Are you familiar with the most common shoulder injuries?

Read more about them here.

Shoulder injuries can be divided into two categories: acute injuries and overuse injuries. This page provides an overview of the most common injuries from both of these categories.

The acute injuries occur most often in sports where there is a high risk of falling, or where there are is a lot of contact. These injuries occur instantly and without warning.

Overuse injuries build up over time and are not the result of one particular incident. The cause is usually from overloading over a period of time. The good news is that these can be prevented by (amongst other things) adjusting the training load in relation to one's abilities for performance and tolerance. Even though acute injuries often occur unexpectedly, it is still possible to aid in their prevention. Read more about training for injury prevention by following the link at the bottom of the page.

Acute shoulder injuries

Broken collarbone

The collarbone goes from the sternum to the shoulder blade. A fracture in the collarbone is most common in contact sports and cycling, often occurring as the result of a fall or a severe impact to the shoulder. Broken collarbones are often treated without surgery, and the injury is usually fully healed within six weeks. In some cases, surgery may be considered for a quicker return to sport.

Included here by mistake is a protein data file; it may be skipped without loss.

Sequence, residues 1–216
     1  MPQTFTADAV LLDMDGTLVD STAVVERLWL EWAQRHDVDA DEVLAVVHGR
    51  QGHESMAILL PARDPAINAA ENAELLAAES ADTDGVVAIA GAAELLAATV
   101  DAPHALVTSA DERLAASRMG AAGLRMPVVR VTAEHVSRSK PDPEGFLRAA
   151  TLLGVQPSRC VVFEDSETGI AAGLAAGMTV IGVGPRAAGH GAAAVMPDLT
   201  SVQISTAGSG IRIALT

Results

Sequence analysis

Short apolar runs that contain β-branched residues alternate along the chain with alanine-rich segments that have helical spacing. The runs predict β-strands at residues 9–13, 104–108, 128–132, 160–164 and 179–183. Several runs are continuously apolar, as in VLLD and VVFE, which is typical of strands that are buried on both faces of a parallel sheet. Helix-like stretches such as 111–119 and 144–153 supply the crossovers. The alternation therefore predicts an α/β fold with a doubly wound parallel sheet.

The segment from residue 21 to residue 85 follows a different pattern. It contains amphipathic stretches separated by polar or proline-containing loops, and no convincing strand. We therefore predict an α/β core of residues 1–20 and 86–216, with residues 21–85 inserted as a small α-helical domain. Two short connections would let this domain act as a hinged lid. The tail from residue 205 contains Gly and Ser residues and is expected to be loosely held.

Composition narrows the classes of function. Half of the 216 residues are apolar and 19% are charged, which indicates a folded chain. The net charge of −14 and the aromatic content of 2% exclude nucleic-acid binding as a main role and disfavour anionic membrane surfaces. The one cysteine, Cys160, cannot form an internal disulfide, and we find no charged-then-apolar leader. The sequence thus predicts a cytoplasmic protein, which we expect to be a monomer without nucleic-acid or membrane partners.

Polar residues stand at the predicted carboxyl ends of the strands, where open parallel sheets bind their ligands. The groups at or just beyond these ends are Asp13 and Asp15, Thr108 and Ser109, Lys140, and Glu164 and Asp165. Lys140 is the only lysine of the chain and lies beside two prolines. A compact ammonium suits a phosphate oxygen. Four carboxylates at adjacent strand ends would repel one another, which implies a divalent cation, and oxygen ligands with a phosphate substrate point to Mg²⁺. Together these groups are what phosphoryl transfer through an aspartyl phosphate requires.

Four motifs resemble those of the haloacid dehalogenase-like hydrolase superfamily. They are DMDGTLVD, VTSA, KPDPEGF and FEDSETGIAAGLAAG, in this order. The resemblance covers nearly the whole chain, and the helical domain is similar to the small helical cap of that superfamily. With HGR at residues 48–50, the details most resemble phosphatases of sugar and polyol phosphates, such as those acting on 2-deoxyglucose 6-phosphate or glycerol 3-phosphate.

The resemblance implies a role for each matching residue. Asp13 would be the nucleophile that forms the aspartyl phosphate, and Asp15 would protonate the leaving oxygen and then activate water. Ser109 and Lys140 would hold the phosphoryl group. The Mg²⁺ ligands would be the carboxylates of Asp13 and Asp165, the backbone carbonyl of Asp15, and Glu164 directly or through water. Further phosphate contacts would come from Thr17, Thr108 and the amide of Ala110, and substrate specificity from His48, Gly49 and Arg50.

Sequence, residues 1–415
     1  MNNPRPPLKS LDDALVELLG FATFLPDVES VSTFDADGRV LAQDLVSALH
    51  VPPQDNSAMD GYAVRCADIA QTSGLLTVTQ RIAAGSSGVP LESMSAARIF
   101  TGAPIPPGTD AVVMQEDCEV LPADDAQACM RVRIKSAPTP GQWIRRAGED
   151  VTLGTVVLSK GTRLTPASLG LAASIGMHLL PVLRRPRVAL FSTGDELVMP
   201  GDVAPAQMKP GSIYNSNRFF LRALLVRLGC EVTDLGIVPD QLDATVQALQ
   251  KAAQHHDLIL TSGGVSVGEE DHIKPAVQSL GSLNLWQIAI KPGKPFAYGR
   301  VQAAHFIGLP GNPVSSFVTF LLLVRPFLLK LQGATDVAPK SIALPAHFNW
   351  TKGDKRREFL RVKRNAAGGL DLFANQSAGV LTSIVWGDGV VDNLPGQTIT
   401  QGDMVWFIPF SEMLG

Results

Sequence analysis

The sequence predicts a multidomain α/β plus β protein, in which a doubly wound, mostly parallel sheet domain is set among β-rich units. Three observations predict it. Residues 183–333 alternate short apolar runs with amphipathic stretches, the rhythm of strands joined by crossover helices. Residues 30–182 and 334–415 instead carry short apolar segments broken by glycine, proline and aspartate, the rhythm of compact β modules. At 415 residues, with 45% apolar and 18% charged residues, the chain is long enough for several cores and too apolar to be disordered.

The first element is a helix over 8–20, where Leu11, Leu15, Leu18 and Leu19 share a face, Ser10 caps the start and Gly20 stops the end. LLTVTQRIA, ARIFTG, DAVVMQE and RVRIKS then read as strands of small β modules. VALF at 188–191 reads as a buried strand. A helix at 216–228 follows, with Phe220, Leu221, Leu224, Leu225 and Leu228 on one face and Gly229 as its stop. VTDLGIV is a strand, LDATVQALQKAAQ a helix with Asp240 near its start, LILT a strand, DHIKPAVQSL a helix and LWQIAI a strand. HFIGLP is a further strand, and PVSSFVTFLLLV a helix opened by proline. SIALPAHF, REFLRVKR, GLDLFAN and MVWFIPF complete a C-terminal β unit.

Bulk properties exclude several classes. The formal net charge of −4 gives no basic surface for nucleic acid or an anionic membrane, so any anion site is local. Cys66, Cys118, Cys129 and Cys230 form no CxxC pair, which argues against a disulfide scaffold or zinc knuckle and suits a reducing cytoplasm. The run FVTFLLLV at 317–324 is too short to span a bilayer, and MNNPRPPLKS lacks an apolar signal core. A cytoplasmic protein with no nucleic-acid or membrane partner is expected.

Dislocated shoulder

The shoulder can be dislocated in several directions, but it goes forwards in 95% of cases. The most common cause is falling on an outstretched arm, or that the arm experiences an impact while it is facing outwards and upwards (a so-called outward rotation of an abducted arm). An example of this is when a handball player is hit while shooting for goal. A dislocated shoulder is quite painful, and the injured person will have immediate problems moving their arm. A rehabilitation period of at least 3 months is advisable before returning to normal sporting activities.

Post-traumatic shoulder instability

Once you have had a dislocated shoulder, there is a higher risk of it happening again. Repeated incidents of a dislocated shoulder can change the dynamics in the shoulder, leading to an increased risk of overuse injuries. The training program at the bottom of the page focusses on preventing this. If it doesn't help, surgery may be necessary.

Injury to the AC joint

The AC joint attaches the collarbone to the shoulder blade. An injury to the AC joint commonly results from falling on the shoulder. The severity of the injury varies, but in most cases, it can be treated without surgery. There is a good chance that a person will make a full recovery following an injury to the AC joint, but many people develop a slight bump in the area between the shoulder blade and the collarbone. This is normal and is usually unproblematic.

Fracture in the upper arm

When one falls on the shoulder or an outstretched arm, a fracture may occur in the upper arm bone (humerus). This injury frequently affects older people, those with brittle bones, and children.

The most common overuse injuries in the shoulder

Thrower's shoulder

Thrower's shoulder is a collective term for several types of overuse injuries, the most common being labral injuries and rotator cuff tendinopathy (see below). As the name suggests, this type of injury is common in sports that involve throwing, but also in swimming and other activities where the shoulder is stressed repetitively over time.